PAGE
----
Thursday, December 06, 2007

Kerry Reads The Paper!

Short thoughts on a variety of pieces that have appeared lately in the New York Times:

Decline of the Tenure Track Raises Concerns: I do believe that within 15 years of the US getting some sort of easily accessible, mandated, government supported healthcare/health insurance that this will be the norm for educated and creative workers. We will all be contract workers, responsible for setting our own rates and negotiating our own time off. We can go back and band together in guilds to create some protections and advocacy. And that's why I think universal healthcare would be a boon to this country. It will also be kind of hellish, but that's where I see the future workplace going.

At Wikipedia, Illustrators May Be Paid: One of the things that gets me about Wikipedia, along with the reliability and information literacy issues, is the idea that people are giving their intellectual product away for free and not even getting a credit for it. MFA Jane and I have talked a bit about writing, how yes, it's work--pleasant, challenging work, but work nonetheless. It seems to me that if you insist that it's easy, that it’s no trouble, and you’re giving it away for free that you are devaluing your intellectual processes and content to a dangerous degree.

Brazilians Giving Up Their American Dream: I find this interesting because during the heyday of American immigration before the 1924 Immigration Act, fully a quarter of immigrants repatriated after coming to this country for a while. My great-grandmother took my grandmother and her son back to Slovakia after her husband died. Yeah, yeah, America's a wonderful country but is it so bad that you go someplace to make money and then return? More and more the attitude is we don't want any foreigners here anyway. Ironic, that. The woman who mentioned her young children asking in the future why she left totally cracks me up--her kids are citizens, they can come back! In 1929, my grandmother and her friend Mary Chandra left Slovakia and came to the US on $50 my grandmother's aunt sent her and the strength of Grandma's U.S. birth certificate. My grandma's eyes were so bad she wouldn't have been allowed in otherwise--between the 1924 crackdown on Eastern European immigrants and her health, she would have been considered unfit.

Your Hairdressers Know, But They're Not Talking: Ha! I'm always "Uh, you are not my friend..." when I'm in the salon chair. But I also jump around on haircutters and salons. I don't want a relationship! Fear of commitment!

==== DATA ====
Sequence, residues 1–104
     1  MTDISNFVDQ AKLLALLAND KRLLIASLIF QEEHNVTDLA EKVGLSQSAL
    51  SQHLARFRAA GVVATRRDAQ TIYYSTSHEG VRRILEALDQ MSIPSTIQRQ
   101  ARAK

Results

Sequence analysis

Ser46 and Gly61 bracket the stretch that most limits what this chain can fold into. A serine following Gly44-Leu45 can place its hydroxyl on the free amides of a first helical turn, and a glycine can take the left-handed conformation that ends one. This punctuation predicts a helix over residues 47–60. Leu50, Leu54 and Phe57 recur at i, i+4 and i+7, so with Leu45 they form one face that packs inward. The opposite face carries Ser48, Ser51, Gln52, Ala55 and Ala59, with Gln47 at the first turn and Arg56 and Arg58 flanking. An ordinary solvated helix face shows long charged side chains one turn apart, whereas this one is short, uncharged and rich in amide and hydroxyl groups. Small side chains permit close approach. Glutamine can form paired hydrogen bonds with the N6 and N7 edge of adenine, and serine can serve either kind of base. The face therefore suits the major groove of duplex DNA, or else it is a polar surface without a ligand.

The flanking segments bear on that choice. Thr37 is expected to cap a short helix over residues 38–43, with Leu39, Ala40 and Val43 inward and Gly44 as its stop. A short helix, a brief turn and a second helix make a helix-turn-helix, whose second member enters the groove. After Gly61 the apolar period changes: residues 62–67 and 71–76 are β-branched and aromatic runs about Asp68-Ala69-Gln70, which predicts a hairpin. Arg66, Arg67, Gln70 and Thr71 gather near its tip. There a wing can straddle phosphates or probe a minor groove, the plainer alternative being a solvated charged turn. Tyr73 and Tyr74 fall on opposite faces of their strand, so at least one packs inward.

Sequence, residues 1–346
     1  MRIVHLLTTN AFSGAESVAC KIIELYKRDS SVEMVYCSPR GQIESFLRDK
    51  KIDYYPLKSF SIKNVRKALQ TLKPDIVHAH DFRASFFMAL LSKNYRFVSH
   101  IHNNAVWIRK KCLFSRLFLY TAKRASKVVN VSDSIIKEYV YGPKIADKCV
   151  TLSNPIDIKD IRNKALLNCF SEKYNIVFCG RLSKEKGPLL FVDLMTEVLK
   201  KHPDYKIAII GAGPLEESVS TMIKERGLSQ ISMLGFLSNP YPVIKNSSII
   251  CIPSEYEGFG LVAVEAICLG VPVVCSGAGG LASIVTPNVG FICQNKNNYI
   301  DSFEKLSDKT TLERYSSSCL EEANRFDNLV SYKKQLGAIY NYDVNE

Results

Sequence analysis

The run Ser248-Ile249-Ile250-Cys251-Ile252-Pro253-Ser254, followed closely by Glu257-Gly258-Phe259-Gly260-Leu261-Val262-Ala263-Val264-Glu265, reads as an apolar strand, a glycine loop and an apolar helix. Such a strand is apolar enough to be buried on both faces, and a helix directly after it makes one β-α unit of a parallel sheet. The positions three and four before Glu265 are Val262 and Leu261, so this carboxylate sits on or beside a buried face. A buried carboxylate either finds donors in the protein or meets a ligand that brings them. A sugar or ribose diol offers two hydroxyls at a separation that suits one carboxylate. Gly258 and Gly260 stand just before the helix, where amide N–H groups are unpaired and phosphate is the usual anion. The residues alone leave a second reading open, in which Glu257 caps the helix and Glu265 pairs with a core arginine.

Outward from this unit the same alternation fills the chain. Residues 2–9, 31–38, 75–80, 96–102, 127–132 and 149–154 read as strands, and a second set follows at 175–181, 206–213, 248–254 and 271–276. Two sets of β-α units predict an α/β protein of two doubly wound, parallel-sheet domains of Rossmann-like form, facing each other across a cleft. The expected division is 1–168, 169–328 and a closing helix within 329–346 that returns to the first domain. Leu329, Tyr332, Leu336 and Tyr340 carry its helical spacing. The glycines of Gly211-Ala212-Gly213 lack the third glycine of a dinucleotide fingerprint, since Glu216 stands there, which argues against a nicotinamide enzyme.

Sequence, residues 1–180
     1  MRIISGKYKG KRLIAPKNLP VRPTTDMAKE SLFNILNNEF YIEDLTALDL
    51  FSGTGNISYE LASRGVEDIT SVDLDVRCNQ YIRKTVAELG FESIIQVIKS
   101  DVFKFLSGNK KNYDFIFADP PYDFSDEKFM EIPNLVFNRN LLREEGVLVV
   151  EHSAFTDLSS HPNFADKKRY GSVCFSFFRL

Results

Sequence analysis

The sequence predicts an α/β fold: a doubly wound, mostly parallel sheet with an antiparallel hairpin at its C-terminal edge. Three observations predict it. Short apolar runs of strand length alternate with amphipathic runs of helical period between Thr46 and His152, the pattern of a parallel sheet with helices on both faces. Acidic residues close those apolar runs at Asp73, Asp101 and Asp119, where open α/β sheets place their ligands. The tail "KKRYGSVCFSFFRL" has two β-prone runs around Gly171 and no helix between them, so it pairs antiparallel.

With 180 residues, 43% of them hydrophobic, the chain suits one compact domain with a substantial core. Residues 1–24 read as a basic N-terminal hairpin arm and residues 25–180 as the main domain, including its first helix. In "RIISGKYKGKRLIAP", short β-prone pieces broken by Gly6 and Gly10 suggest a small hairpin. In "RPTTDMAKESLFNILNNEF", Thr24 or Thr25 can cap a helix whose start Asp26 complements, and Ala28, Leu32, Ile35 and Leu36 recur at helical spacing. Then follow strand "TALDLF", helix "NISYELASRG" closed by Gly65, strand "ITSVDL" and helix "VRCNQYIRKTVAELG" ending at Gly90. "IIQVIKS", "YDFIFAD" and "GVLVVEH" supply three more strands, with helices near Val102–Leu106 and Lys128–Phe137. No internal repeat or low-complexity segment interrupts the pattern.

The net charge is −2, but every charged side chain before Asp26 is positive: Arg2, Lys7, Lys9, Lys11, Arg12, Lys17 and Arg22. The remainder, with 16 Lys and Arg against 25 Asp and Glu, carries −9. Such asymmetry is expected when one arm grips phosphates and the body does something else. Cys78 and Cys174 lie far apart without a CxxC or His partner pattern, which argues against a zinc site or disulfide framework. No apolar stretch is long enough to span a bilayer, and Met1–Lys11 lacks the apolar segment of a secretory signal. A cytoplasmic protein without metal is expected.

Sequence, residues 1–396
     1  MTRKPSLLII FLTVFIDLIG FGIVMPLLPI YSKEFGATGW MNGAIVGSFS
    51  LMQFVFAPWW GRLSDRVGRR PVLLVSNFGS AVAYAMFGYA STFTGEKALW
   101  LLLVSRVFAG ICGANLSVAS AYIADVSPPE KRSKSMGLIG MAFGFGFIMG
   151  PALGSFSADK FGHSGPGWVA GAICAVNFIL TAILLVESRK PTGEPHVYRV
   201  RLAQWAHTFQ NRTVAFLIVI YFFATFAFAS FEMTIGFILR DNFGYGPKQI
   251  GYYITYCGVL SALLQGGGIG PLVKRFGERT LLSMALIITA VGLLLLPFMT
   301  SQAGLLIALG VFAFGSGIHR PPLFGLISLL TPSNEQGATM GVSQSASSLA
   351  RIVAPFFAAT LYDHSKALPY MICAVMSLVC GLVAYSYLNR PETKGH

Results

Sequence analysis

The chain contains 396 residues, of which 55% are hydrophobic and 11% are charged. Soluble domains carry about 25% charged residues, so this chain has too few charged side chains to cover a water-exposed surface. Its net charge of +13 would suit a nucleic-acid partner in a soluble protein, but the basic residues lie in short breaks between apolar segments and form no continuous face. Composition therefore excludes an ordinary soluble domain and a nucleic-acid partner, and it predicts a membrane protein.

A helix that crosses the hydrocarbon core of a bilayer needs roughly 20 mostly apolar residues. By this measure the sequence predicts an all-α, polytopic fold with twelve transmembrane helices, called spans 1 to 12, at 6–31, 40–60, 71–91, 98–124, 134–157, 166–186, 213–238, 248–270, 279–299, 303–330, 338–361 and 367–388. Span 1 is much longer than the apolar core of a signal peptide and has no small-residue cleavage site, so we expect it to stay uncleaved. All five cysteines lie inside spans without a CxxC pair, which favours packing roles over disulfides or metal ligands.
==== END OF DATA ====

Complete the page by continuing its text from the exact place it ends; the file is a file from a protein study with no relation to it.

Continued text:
Will You Marry Me? Say "Cheese!" Did you know that you're not supposed to congratulate women on getting engaged? I think it is because as women we are so special and sweet that any man would want to marry us and turn us into helpmeets and bed partners. It's all about access to sanctioned sex and heirs. Wow, I really should cut back on the historical romance. You are supposed to congratulate the man because he went out on a limb and asked an important question for which he could be turned down. So see, by being vulnerable, you get cred. I however, would hate to have my fellow do this. Private events should be private. Anyway, apropos de nada I should have known that a particular friend was affianced to an asshole when he not only asked her to marry him in public, but he did it in front of a fraternity alumni gathering. Way to prop up that shaky self esteem, dude!

Colleges Shaken By Soaring Cost of Birth Control: Oh, I have no sympathy for this. There's no basic human right to have sex. Chalk it up as evidence of decreasing personal responsibility--look, if you can't afford birth control, if you can't stand to do to the doctor and get poked and take responsibility for your health, and if you can't talk to you partner about what to do when precautions fail, you shouldn't be having sex. It's not the university's responsibility to provide you with birth control, nor is it the taxpayer's responsibility to underwrite it, however indirectly. Yes, I took advantage of the $5 Pill when I was in school, but I didn't consider it a right. If birth control cost more, I'd have paid the cost for reliable birth control because it was important to me not to get pregnant. And I did pay more and have to shop around when I got out of school and got a job.

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